Ambient GABA modulates firing patterns in adult neural circuits by tonically activating extrasynaptic GABAA receptors. Here, we demonstrate that during a developmental period when activation of GABAA receptors causes membrane depolarization, tonic activation of GABAA receptors blocks all spontaneous activity recorded in retinal ganglion cells (RGCs) and starburst amacrine cells (SACs). Bath application of the GABAA receptor agonist muscimol blocked spontaneous correlated increases in intracellular calcium concentration and compound postsynaptic currents in RGCs associated with retinal waves. In addition, GABAA receptor agonists activated a tonic current in RGCs that significantly reduced their excitability. Using a transgenic mouse in which green fluorescent protein is expressed under the metabotropic glutamate receptor subtype 2 promoter to target recordings from SACs, we found that GABAA receptor agonists blocked compound postsynaptic currents and also activated a tonic current. GABAA receptor antagonists reduced the holding current in SACs but not RGCs, indicating that ambient levels of GABA tonically activate GABAA receptors in SACs. GABAA receptor antagonists did not block retinal waves but did alter the frequency and correlation structure of spontaneous RGC firing. Interestingly, the drug aminophylline, a general adenosine receptor antagonist used to block retinal waves, induced a tonic GABAA receptor antagonist-sensitive current in outside-out patches excised from RGCs, indicating that aminophylline exerts its action on retinal waves by direct activation of GABAA receptors. These findings have implications for how various neuroactive drugs and neurohormones known to modulate extrasynaptic GABAA receptors may influence spontaneous firing patterns that are critical for the establishment of adult neural circuits.
- spontaneous activity
- retinal waves
- retinal ganglion cell
- starburst amacrine cell
- adenosine receptor
GABAA receptor-mediated signaling in neural networks can be divided into two modes. The first mode, termed “phasic,” corresponds to fast activation of synaptic GABAA receptors. The second mode, termed “tonic,” corresponds to persistent activation of high-affinity extrasynaptic GABAA receptors by ambient levels of GABA [for review, see Semyanov et al. (2004) and Farrant and Nusser (2005)]. Tonic activation of GABAA receptors is a powerful regulator of network excitability because it causes a persistent increase in the resting conductance of cells (Mitchell and Silver, 2003; Semyanov et al., 2003; Chadderton et al., 2004). Extrasynaptic GABAA receptors are modulated by alcohol, neurosteroids, and anesthetics and therefore represent a clinically relevant modulator of network activity (Farrant and Nusser, 2005; Mody, 2005).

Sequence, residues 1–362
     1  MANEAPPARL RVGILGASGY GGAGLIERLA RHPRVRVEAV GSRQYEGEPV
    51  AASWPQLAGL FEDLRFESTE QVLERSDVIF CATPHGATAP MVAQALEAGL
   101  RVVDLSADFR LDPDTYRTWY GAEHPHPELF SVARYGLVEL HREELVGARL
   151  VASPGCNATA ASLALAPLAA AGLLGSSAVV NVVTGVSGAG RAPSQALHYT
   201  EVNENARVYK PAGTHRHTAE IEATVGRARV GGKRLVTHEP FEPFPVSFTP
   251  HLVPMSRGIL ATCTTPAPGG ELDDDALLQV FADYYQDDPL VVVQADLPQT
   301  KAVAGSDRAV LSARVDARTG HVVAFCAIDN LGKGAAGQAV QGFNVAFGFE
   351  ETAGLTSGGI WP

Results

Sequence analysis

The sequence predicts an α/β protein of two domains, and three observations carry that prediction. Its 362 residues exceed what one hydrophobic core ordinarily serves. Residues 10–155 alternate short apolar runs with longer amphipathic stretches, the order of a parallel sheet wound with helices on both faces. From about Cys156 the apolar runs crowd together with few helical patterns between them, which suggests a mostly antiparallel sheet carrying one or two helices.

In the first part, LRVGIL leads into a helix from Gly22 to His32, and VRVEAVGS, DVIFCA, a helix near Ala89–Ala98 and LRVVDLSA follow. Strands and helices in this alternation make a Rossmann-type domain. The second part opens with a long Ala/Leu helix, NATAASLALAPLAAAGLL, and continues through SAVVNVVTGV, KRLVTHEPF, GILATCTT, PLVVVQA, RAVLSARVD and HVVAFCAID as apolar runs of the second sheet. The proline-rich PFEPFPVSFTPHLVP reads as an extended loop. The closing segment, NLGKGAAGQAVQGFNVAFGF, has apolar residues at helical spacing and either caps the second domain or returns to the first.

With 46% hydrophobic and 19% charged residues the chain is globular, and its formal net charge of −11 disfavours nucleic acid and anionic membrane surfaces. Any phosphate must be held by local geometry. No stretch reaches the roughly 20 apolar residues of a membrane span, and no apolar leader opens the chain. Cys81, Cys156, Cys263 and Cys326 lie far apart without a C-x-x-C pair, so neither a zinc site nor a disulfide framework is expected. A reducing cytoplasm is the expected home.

The role of tonic GABAA receptor activation in developing neural circuits is much less well understood. At early stages of neural circuit development, intracellular chloride concentrations in neurons are high, and therefore activation of GABAA receptors leads to chloride efflux, which is depolarizing. The depolarizing action of GABA is a critical component of spontaneous periodic activity in the hippocampus, cortex, and spinal cord (Leinekugel et al., 1997; Garaschuk et al., 1998; O'Donovan, 1999; Ben-Ari, 2001) and is critical for several aspects of circuit development (Rivera et al., 1999; Ben-Ari, 2002; Payne et al., 2003; Ben-Ari et al., 2004; Tozuka et al., 2005). Tonic activation of GABAA receptors precedes phasic activation in early circuit development [for review, see Owens and Kriegstein (2002) and Represa and Ben-Ari (2005)] and may play a critical role in synaptogenesis during development (Demarque et al., 2002; Liu et al., 2006). In developing hippocampus, tonic activation of GABAA receptors increases the excitability of pyramidal cells (Marchionni et al., 2007), potentially contributing to network excitability at early stages of development.